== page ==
Montaigne explained in this work that total self-knowledge or mastery was nigh impossible. He reckoned that humans, being inside our own heads, can only see a portion of our experience and therefore only understand a small bit of it. If we could totally understand ourselves, we would be tantamount to God.
He did believe, however, that one could improve their self-mastery and begin to grasp more and more of oneself and one's environment. In fact, he set himself along this path personally in an attempt to try and enlighten himself totally. He laid out practical steps as to how he would achieve that, and he certainly became more self-aware, though it is debated how masterful he truly became in the end.
His steps achieve true knowledge of himself were the following: first, he decided that he must accept that he cannot know the true purpose and reason behind many things. The second step toward his idea of enlightenment is to focus on humanity's internal freedom.
This is integral to fully understanding and controlling oneself because it includes an understanding of what one cannot control—the exterior influences. Finally, he casts off inauthentic attitudes and mindsets and focuses purely on what is true and valuable.
In his Essays, Montaigne inquires about limits of human knowledge and self-knowledge. He says time and again that God is not fully knowable nor are we to suppose that we can reach complete self-knowledge. In particular, the thinker compares attempts at apprehending our own being to those at grasping water:
for the more you clutch your hand to squeeze and hold what is in its own nature flowing, so much more you lose of what you would grasp and hold. (book 2, chapter 12)
And though the philosopher’s approach can be termed skeptical fideism (a quest for knowledge and self-knowledge driven by faith but balanced by doubt), he does not reject reason altogether. Rather, he encourages us to test it and see what it is worth. At the same time, Montaigne defines man but negatively when the latter is viewed in the light of God’s perfections:
Thus is it that to God alone glory and honour appertain; and there is nothing so remote from reason as that we should go in quest of it for ourselves; for, being indigent and necessitous within, our essence being imperfect, and having continual need of amelioration, ‘tis to that we ought to employ all our endeavour. We are all hollow and empty (book 4, chapter 16)
Montaigne believes that the only way to locate and manifest one’s own self is self-reflection through introspection. Montaigne’s thought moves in three stages. First, he comes to the conclusion that we cannot really know true reasons of many things, including our own selves. Life is a totality of appearances, or “masks.” Second, Montaigne isolates man’s inner freedom as the sole truly human endowment from everything that affects it from without.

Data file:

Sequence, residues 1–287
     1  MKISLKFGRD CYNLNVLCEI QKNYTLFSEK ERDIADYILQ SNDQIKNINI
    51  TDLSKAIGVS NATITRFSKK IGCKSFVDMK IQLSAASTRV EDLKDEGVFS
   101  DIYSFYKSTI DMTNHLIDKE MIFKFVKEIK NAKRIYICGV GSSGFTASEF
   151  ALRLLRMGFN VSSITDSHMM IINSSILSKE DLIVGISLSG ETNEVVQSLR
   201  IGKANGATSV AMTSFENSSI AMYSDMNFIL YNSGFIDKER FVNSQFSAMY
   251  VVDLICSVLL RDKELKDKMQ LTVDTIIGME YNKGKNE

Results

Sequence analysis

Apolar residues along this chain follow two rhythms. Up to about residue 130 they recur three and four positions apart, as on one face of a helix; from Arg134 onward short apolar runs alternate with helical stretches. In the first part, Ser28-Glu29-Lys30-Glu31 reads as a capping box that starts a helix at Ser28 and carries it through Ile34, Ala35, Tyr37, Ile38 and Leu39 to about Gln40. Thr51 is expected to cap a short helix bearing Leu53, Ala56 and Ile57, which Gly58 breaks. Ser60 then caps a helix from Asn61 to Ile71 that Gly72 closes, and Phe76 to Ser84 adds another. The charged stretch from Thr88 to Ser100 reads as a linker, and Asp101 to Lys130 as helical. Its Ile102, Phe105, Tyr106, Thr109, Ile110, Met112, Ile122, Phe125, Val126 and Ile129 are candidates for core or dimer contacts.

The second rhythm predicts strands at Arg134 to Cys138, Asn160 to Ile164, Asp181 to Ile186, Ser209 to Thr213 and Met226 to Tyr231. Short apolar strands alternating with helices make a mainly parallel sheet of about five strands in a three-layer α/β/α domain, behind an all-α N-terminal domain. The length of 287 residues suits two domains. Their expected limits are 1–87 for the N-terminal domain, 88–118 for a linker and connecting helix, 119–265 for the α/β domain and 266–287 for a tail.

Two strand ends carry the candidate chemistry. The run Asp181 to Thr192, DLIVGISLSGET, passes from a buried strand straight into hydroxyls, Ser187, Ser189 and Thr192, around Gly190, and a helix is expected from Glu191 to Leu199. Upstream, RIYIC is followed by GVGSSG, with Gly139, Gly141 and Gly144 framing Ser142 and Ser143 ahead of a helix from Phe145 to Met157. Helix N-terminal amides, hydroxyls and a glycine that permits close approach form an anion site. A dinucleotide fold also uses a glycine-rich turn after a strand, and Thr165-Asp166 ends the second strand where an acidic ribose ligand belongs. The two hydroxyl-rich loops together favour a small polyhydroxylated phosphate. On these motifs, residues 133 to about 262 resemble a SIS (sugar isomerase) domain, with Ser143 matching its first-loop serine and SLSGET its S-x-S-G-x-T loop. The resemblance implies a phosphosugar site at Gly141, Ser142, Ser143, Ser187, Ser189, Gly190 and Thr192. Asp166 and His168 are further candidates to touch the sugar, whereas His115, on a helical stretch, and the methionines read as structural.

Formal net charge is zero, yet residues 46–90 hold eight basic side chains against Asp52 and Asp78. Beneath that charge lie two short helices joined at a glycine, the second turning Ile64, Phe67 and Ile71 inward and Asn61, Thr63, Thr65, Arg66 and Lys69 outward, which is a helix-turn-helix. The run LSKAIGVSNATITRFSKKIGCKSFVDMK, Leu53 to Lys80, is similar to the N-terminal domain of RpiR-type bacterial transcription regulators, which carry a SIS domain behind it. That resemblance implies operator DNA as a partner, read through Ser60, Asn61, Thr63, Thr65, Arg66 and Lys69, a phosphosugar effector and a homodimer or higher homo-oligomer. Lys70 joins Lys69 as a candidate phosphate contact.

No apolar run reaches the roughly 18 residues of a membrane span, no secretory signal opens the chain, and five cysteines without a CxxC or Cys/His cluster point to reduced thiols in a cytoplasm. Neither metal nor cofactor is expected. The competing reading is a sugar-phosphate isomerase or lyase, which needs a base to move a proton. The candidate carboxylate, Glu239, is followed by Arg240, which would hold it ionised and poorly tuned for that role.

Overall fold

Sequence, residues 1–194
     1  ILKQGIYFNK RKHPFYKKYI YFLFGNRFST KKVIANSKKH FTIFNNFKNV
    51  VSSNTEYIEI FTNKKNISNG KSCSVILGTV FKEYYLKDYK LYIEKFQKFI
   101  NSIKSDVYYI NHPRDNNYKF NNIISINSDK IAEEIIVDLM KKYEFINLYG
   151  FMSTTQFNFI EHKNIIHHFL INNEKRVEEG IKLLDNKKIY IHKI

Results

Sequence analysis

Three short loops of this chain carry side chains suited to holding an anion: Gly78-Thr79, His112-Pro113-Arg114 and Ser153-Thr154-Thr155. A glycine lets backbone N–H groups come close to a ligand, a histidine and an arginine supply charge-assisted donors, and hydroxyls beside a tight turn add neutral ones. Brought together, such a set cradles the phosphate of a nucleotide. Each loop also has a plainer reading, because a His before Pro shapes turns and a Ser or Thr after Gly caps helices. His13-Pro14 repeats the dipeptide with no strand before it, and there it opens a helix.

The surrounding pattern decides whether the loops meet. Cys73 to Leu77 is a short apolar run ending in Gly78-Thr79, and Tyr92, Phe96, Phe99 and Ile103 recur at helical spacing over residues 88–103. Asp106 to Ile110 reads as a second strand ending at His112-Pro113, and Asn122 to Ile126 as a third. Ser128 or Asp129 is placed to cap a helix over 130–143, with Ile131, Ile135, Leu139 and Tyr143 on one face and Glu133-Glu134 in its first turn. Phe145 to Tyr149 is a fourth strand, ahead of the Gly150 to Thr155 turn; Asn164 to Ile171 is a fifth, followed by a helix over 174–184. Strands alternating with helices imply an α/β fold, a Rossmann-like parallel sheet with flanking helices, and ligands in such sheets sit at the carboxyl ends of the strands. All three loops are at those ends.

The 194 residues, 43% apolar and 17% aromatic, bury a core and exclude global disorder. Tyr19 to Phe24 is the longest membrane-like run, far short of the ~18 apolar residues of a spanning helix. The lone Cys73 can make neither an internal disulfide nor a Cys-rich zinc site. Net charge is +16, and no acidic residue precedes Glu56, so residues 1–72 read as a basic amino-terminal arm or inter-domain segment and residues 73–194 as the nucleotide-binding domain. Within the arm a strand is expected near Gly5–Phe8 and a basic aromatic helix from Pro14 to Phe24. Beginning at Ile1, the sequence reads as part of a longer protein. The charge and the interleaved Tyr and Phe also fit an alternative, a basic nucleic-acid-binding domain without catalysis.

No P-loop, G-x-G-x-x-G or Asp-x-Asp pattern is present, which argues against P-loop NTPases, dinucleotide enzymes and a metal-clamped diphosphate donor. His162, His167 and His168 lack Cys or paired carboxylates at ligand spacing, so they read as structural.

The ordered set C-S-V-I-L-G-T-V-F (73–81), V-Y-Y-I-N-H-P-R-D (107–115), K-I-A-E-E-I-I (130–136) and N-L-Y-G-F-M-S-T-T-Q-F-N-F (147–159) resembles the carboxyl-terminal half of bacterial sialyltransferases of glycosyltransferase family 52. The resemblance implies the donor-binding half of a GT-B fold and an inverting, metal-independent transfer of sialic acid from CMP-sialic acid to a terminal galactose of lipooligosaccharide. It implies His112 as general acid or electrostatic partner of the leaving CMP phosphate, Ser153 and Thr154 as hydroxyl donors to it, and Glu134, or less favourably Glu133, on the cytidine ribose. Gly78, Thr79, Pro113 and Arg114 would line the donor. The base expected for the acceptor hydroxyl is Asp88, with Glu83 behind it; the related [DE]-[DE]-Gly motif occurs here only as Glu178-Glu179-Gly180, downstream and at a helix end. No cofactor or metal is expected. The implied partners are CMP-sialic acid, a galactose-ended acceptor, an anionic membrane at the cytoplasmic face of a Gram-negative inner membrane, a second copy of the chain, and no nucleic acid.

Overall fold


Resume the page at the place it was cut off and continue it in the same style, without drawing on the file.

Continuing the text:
However, it is impossible to overcome this unauthentic reality completely. Yes, man is “hollow and empty”, but there is no other reality for the sake of which all appearances have been negated. The third stage in Montaigne’s reasoning is to integrate the negation of the unauthentic reality with an acceptance of each person’s relatedness to other beings:
there is nevertheless a certain respect, a general duty of humanity, not only to beasts that have life and sense, but even to trees, and plants. We owe justice to men, and graciousness and benignity to other creatures that are capable of it. (book 2, chapter 11)
As his thought progresses, Montaigne shows a more favorable attitude toward human nature. We need to consider its wants but, at the same time, we also need to balance this with reason. To trust your own nature is to find a way toward your true self, and this will contribute to its “amelioration.” Man’s goal is not to find an abstract truth but rather to agree to live through everything that his existence involves.
Michel de Montaigne wrote essays on a wide variety of subjects, yet he insisted that their subject was himself. More than that, he advocated that everyone seek self-knowledge, especially as humans are so prone to criticize others. This self-knowledge would help to temper, not to exacerbate, pride in one's own accomplishments.
Several essays elaborate on specific aspects. "On Vanity" and "On Moderation" explore these themes. Montaigne does not deny that he is vain; it is a basic human quality to be partly overcome by surrounding oneself with superior beings, both one's living contemporaries and the great thinkers of classical times. Aiming for self-mastery by restraint from overindulgence is recommended and, while laudable, a virtue that the speaker hesitates to claim for himself--that would be vanity.
In his longer essays that engage substantively with other philosophers, Montaigne argues for self-knowledge through faith rather than through reason. His dialogue with skepticism and modern proponents of rationalism, in which he refutes reason as superior to Christian faith, are laid out extensively in the "Apology for Raimond Sebond." Yet as he obviously is thoroughly schooled in their ways of thinking, he also reveals the strong attraction that skepticism exerts on him, and he comes across as revealing his own doubt as much as advocating for faith.